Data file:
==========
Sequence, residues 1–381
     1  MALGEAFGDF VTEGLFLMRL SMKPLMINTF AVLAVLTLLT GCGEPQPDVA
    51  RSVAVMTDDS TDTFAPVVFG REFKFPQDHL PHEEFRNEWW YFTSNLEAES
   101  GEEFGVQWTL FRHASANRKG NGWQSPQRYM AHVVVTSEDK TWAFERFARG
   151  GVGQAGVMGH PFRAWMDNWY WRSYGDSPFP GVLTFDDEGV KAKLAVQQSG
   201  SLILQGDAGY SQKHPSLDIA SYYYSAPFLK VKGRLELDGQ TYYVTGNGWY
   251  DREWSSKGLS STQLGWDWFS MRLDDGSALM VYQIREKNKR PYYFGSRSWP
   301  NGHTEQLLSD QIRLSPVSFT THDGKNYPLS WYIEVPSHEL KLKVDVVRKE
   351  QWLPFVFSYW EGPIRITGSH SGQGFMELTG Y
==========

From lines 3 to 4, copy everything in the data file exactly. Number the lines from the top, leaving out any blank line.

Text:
    51  RSVAVMTDDS TDTFAPVVFG REFKFPQDHL PHEEFRNEWW YFTSNLEAES
   101  GEEFGVQWTL FRHASANRKG NGWQSPQRYM AHVVVTSEDK TWAFERFARG